Top online games should accept players from different countries. Most of the starting-up game studios are also striving to enter the global market in order to return their investment. Hence, it is vitally important for the studio to use best performance and load testing solutions in order to tune the servers for optimal performance, preferably using random IP addresses from around the world, to get a realistic assessment of the game’s performance, and to prepare the project for any potential difficulties.
In fact, web traffic in online gaming works in a rather special way. If you use Google or YouTube today, then within your session you will reconnect to dozens of different servers around the world, which are responsible for different services in the infrastructure of these huge portals. It happens absolutely invisibly for the user due to load balancers that switch traffic between different servers, so one doesn’t need to worry about the persistence of the connection between them and a specific server.
But that’s not how game servers work. In an online game, the player must be online from the beginning to the end of the session, if you try to disconnect the connection, the game will be lost. Load balancers cannot be used to redistribute load across multiple servers. And, unlike in web traffic, it is not possible to use clusters in game hosting. Therefore, it is important to load test the servers to make sure they can run smoothly throughout the game session or match.
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The most typical performance tests done for mobile games are general tests that determine how the game performs in terms of responsiveness, stability and refresh rate under certain workload or user interaction patterns, but there are dozens of ways to check soft performance, and almost all of them are applicable to online game testing. Read more in our article here.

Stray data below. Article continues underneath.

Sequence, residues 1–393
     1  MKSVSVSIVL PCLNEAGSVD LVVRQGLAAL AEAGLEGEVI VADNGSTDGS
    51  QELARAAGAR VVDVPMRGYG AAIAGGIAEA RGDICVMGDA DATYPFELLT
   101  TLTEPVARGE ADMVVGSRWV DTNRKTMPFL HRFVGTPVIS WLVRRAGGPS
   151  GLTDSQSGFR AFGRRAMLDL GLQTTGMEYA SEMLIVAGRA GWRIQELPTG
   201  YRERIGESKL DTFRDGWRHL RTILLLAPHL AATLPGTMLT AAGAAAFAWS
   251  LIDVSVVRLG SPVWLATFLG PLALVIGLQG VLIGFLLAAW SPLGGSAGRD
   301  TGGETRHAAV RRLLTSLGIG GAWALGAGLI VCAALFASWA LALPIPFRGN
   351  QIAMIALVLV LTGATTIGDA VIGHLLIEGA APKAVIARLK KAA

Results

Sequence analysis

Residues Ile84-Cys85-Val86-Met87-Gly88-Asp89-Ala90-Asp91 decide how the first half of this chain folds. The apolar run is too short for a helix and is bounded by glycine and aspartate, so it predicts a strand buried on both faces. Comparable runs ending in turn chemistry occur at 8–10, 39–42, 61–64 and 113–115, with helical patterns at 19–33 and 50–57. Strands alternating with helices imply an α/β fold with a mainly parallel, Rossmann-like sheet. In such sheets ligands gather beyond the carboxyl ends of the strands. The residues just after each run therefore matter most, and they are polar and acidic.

There are multiple reasons why gaming applications might fail. Firstly, gaming applications are complex; it’s expensive and lengthy and humanly impossible to test every possible permutation and combinations (Check our article on “Android apps performance and load testing”). Secondly, if the game doesn’t create a compelling experience for the user, i.e if it’s not fun and addictive, there’s a huge chance of failure of the project. Even non-technical aspects, such as music, unique storyline, characters, competitiveness, and aesthetics, play a huge role in its success.
Meanwhile, not every company has the budget for an extensive testing team, testing tools and devices, which is a shame. And the final decision is still to be made by the users: visual design, gaming experience, ease of use and control have to appeal to the target audience.
Load testing techniques allow game developers to anticipate the future and prepare for the challenges of scaling in advance. These are carefully planned and data-driven processes that ensure your game doesn’t crash or freeze during an online match, leaving your players from all over the world unsatisfied. If you would like to learn more about how to host your game on decentralized servers or in the cloud, or tested by thousands of AI players, contact us to get started!